When I was young, sometimes Daddy would come in from work and start popping popcorn. We immediately knew—we were going to the drive-in theater. That was a big deal for us because the drive-in always ran several cartoons before the movie started then they showed the first half of the movie, there was an intermission, then several more cartoons, then the second half of the movie. Daddy would make pan after pan of popcorn. He and Mother got a large sized grocery bag, then there were smaller bags for my sister, brother, a friend, and me. Daddy always let me take a friend to the drive-in. We didn’t have to worry about running out of popcorn, Daddy would always gladly refill our small bags.

At the drive-in, Daddy would always pick a spot between two empty parking stations. Each station had a speaker mounted on a pole with enough cable to reach into a car. Daddy’s strategic parking was important because of the way we watched the movie. My friend and I would get out of the car and stretch two blankets under it. We then crawled under the front end of the car with a speaker from the next station and our bags of popcorn. The cars parked on a 2-foot rise so the front of the car was higher than the back. Under the car was a perfect place to watch the movie since we could lie on our bellies and look up at the movie.

It was quite different for my sister who was born with congenital hip dislocations. She had a number of surgeries on her hips and the doctors actually cut both of her femurs into then rotated the hip balls joints 180 degrees so they fit into the sockets as they were supposed to. She spent many months in a body cast that included both of her legs and ran up to her upper chest. In order for her to get around the house, Daddy made a scooter. It was a rectangular frame made from 2x4s. Canvass was stretched over the frame, which was mounted on 4 casters. Sister laid on it on her tummy and used her hands to propel herself around the house.

Once Daddy came home with a bushel of special apples, each was wrapped in tissue paper. One evening we were going to have fried apples so Mother took several out of the box and unwrapped them. Each had one bite taken out of it. Mother went back to the box and started unwrapping apples. Each one had one bite taken out of it, then was rewrapped and placed back in the box. It turned out sister had wheeled herself up to the box and tasted every apple.

Back to the drive-in, I sort of got lost thinking about my precious little sister and what she endured as a child. During the intermission, Daddy would give my friend and me a nickel so we could buy a soft drink. We would run to the snack bar, get our drinks then return to the car with drinks for Mother, Daddy, and my sister.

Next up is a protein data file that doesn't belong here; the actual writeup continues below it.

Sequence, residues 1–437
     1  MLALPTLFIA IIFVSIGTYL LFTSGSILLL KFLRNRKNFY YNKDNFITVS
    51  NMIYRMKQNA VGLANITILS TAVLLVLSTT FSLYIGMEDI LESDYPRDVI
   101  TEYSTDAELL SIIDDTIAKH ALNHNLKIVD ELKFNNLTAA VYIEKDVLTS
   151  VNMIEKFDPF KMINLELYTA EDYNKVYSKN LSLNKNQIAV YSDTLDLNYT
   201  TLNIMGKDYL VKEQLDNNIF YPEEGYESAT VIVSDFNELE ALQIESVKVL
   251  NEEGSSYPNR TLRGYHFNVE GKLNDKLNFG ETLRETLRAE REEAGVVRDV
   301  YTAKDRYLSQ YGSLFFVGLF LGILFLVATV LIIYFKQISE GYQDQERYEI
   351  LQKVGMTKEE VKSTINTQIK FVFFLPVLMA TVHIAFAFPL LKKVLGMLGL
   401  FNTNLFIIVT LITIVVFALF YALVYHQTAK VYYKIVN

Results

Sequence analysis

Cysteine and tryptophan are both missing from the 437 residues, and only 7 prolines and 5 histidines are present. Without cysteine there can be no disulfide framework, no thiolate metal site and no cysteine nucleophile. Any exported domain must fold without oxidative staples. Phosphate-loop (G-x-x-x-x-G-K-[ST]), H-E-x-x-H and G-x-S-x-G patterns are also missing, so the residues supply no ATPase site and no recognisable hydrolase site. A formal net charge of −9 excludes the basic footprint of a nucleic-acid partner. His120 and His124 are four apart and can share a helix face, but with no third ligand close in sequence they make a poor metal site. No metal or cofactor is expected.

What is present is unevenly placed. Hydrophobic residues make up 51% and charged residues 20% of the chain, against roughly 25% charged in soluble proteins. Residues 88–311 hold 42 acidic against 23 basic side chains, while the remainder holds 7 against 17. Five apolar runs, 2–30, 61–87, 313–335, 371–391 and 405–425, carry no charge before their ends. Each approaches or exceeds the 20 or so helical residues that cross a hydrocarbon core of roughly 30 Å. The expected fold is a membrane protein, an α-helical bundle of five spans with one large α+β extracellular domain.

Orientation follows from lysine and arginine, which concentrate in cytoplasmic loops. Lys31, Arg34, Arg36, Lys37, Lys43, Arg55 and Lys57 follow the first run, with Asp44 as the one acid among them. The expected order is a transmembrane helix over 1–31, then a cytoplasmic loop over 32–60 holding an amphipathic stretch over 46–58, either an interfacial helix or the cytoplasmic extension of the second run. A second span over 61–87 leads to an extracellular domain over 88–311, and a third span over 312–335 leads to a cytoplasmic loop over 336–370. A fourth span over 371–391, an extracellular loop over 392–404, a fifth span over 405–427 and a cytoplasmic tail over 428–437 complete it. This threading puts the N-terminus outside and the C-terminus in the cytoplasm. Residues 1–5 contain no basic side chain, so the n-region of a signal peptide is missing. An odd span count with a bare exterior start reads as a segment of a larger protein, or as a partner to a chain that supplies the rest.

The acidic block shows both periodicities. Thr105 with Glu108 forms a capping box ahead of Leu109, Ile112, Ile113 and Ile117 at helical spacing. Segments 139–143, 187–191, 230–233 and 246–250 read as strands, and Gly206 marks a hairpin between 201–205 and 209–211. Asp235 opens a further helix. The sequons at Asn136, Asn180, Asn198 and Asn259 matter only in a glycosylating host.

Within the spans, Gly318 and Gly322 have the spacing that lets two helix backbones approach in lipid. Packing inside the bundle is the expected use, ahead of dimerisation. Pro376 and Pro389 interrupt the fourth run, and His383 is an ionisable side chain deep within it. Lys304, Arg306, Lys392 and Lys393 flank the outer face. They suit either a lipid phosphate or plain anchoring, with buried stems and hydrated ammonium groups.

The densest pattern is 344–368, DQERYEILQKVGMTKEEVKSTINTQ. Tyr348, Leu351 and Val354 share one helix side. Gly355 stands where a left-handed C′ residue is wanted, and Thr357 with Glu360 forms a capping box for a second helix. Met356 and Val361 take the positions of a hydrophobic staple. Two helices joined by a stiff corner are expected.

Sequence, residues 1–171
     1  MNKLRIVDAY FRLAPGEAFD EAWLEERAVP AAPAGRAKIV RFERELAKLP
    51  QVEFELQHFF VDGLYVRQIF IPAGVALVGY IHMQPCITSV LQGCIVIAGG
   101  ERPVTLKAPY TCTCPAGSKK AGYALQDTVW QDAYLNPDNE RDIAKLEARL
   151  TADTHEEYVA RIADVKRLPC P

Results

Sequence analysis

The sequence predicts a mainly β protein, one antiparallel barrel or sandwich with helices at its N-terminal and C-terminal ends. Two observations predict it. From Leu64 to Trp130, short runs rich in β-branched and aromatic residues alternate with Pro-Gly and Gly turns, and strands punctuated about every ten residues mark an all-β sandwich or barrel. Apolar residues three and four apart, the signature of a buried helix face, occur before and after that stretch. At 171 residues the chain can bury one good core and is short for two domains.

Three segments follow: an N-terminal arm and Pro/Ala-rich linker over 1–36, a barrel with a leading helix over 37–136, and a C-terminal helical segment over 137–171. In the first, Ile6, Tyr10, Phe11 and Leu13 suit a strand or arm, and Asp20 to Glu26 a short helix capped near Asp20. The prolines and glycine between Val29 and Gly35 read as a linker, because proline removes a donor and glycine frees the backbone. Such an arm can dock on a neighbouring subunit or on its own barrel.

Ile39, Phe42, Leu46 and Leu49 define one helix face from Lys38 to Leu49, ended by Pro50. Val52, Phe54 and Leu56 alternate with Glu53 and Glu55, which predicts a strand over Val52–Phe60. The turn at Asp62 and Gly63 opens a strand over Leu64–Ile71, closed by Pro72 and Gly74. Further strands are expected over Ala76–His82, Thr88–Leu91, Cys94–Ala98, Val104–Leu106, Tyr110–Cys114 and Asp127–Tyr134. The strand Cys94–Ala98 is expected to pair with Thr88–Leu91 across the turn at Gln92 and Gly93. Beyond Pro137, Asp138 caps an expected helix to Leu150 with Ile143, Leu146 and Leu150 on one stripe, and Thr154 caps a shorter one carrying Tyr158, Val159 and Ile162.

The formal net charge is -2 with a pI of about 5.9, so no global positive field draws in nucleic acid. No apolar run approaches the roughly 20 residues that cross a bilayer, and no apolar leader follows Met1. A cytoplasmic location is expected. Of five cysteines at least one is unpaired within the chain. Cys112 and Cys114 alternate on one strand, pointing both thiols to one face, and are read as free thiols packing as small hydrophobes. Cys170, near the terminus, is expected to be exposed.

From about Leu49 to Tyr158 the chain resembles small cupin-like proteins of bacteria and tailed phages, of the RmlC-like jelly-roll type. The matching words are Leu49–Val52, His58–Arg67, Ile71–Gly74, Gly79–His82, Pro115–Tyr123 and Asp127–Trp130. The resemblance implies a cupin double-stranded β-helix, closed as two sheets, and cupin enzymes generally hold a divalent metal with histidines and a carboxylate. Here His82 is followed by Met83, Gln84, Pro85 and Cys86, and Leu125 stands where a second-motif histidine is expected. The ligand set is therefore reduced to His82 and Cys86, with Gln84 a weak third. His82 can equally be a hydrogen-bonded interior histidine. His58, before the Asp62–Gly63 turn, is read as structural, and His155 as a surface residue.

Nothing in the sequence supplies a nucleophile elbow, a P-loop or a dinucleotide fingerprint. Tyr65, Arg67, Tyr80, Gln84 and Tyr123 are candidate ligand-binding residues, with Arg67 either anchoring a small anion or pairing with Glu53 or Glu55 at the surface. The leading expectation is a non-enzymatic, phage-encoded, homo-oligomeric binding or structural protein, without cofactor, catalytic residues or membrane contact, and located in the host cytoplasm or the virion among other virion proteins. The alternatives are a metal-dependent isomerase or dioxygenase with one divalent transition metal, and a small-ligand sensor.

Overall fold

Years later when I was dating my wife to be, we went to the same drive-in. I can’t remember a single movie that we saw, but we surely had a good time.

I still remember with great joy the family nights at the drive-in, both as a child and as a young adult.

Jack deJarnette

Jack deJarnette

I am a United Methodist Minister who in June 2008, was placed on incapacity leave due to kidney failure.  My kidneys failed due to immusuppression medications secondary to a heart transplant in 1997. The ministry is my second career having spent 12 previous years at Grady Memorial Hospital in Atlanta as Chief Respiratory Therapist and Technical Director of Life Support Systems at Emory University School of Medicine. I  have a wonderful wife of 45 years, two super children, and four grandchildren. My life has been exciting, challenging, and full of wonder as in my early years I was concerned with saving lives and in my later years saving souls I was graduated  from Georgia Military Academy in 1961 (Woodward Academy). I attended Emory-at-Oxford College, The University of Georgia, Georgia State University, and Emory University for postgraduate work. I received my ministry credentials through the United Methodist Church Course of Study at Emory's candler School of Theology. My Theology is primarily Wesleyan and varies with the particular topic under discussion. I refuse to be labeled either liberal or conservative. My politics are moderate embracing what I hope is the best of all parties. I have a deep love for Christ, the Church, and the United States of America. Bev (my wife) and I are deeply thankful to God for the blessings that have been showered on us throughout our lives.

  1. Wednesday night was ‘buck night’ at the local drivein Thee – ayter. Gene’s Daddy was a painter, so he had a pickup truck. (Pickups had no panache in the ’50s) For a dollar a car or truck, how ever many you could cram in got in. You had to scam your parents for popcorn or drink money, but the ride to the flick and the getin was on Gene’s Daddy. You can get a LOT of kids in the back of an old Chev pickup. You had to sit down in the bed till we got there, or (the threat was) you would be put out and have to walk home. Kids behaved for adults at the time so nobody stood up. The theater had bleachers down in front of the screen, and a kiddie playground. Speakers played the movie. Some of us watched it, depending. I miss Buck Night as a kid.

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